The Catalunya MotoGP is the most stylish stop on the race calendar. The fabulous Montmeló circuit, situated in the hills outside Barcelona, is the most modern track in Europe. Its spectator facilities are superb. Its grandstands offer terrific views and giant TV screens to keep spectators up to date with all the race action. The catering facilities offer great food at reasonable prices and the toilets are numerous and clean.
The Catalunya circuit is 4.727kms or 2.937 miles long and made up of slow sections, with a series of corners taken at less than 53 mph, and fast sections with corners taken at more than 87 mph. One of the peculiarities of the Catalunya circuit is the number of bumps and ripples on the track surface that have been appearing over the 13 years of its existence. Although the track was resurfaced recently, the bumps and ripples remain in some corners.
The 2006 race saw Valentino Rossi’s take his second win in a row. He moved up to third place in the championship standings led by Nicky Hayden. The race was restarted after a major crash on the opening lap. Melandri, Gibernau and Capirossi were injured. Pedrosa and Stoner crashed out after the race re-start. Kenny Roberts Jr. achieved his best result in many years by finishing on the podium.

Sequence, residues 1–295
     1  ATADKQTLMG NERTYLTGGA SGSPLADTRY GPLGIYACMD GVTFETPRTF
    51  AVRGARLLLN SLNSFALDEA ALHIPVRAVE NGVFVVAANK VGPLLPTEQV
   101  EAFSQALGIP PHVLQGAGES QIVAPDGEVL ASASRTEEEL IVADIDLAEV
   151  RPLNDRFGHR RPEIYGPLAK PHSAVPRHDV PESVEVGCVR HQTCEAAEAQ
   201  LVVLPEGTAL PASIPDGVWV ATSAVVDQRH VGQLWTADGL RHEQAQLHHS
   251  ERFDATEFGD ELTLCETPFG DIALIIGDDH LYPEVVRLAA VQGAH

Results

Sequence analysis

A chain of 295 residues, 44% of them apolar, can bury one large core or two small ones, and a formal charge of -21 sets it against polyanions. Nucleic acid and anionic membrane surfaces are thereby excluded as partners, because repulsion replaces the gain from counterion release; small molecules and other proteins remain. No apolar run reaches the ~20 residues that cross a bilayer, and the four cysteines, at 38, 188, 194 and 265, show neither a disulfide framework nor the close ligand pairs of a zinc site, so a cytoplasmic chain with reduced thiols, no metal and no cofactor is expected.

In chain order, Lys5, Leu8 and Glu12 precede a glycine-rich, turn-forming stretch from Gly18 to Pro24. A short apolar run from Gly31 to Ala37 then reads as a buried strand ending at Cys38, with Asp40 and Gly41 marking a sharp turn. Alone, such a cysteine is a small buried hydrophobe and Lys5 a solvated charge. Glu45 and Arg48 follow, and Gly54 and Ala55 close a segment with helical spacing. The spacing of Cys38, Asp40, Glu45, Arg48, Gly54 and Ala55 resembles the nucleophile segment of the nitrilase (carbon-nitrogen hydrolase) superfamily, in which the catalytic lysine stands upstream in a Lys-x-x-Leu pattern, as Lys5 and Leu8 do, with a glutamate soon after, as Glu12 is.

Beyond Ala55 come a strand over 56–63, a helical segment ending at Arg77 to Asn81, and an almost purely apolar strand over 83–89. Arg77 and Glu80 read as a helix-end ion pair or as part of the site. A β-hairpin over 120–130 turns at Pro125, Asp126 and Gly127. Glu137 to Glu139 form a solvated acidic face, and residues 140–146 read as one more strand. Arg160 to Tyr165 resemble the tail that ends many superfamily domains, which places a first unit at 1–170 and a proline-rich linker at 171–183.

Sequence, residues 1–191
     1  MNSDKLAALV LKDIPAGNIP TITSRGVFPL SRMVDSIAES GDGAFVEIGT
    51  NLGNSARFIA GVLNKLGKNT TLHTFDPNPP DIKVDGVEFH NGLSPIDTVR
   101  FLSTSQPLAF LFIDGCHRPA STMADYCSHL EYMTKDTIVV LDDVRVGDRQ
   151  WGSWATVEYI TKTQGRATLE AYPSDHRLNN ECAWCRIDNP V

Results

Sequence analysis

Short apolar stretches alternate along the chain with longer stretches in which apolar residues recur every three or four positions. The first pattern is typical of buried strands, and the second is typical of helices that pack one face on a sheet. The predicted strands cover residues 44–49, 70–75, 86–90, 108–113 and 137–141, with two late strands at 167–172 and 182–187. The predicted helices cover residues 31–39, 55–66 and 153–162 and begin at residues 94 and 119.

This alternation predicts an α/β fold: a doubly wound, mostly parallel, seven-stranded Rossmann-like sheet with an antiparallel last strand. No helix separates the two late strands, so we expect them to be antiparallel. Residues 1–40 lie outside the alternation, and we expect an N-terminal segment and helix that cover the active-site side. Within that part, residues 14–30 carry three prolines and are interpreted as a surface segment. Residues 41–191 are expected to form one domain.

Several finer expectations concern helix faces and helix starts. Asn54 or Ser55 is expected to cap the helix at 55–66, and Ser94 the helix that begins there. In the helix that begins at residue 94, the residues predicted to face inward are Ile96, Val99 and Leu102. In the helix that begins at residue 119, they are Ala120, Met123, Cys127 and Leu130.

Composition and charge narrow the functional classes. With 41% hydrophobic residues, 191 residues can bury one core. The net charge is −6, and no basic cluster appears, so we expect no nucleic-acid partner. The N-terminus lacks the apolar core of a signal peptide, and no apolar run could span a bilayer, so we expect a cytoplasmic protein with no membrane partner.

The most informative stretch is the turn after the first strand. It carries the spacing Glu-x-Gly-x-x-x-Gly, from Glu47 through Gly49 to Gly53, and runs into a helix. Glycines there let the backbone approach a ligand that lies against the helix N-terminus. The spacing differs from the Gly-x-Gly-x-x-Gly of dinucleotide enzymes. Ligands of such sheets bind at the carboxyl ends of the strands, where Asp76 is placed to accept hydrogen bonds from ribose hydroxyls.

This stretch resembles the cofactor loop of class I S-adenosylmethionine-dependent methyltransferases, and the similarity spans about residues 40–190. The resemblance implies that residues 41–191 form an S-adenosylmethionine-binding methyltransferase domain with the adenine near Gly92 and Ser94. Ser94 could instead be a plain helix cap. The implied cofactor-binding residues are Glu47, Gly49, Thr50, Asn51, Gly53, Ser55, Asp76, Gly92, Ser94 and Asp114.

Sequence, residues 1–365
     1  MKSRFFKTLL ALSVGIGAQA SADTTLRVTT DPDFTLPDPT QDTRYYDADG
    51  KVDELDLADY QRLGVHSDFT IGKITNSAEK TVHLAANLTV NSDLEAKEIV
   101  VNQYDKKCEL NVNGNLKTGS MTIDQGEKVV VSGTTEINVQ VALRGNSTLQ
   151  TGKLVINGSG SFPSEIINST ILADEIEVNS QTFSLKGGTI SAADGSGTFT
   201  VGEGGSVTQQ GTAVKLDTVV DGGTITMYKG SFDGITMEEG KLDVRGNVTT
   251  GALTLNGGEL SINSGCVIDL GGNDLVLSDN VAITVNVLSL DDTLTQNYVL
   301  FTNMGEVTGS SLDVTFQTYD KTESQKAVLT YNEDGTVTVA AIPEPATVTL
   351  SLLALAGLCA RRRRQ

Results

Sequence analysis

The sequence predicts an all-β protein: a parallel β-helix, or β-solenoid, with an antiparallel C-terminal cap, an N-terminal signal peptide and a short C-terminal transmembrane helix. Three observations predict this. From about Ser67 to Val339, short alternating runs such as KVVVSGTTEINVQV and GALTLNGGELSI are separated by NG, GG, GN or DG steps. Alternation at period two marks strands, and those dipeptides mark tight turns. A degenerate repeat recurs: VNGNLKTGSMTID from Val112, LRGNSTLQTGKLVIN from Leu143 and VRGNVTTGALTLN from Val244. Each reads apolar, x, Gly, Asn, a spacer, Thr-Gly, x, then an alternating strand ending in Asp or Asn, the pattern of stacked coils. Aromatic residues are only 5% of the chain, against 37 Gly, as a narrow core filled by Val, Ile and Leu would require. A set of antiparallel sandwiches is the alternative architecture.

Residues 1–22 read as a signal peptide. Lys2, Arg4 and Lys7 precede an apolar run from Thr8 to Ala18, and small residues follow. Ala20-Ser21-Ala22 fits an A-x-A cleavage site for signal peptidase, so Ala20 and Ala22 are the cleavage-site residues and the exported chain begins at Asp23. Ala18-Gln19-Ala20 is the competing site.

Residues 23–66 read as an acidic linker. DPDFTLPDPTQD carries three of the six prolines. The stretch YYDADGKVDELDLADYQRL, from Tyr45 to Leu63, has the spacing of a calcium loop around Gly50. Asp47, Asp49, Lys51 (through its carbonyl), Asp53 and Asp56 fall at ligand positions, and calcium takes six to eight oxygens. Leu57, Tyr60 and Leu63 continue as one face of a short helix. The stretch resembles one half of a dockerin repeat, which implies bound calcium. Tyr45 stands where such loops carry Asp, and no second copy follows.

The nearest major airport is in Barcelona. The track is 12 miles north of Barcelona on the A7. By train from Barcelona take the number 2 line from Sants, Passeig de Gràcia or Clot towards Maçanet-Massanes to Montmeló railway station. Trains leave every 30 minutes and the journey takes 40 minutes. From Girona take the number 2 line towards Barcelona and get off at Montmeló. From Montmeló railway station to the Circuit it is a 30-minute walk.
During the F-1 Spanish Grand Prix and the Catalan Motorcycling Grand Prix, a transfer is available from the Montmeló train station to the Circuit de Catalunya.